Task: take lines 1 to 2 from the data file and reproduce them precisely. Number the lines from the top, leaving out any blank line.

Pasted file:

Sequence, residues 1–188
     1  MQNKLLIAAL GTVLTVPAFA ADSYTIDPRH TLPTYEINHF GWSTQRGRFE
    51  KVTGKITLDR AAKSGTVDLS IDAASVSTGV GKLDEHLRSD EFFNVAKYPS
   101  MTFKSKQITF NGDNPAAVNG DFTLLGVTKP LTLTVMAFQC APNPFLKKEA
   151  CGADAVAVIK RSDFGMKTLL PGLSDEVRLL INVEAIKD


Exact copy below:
Sequence, residues 1–188
     1  MQNKLLIAAL GTVLTVPAFA ADSYTIDPRH TLPTYEINHF GWSTQRGRFE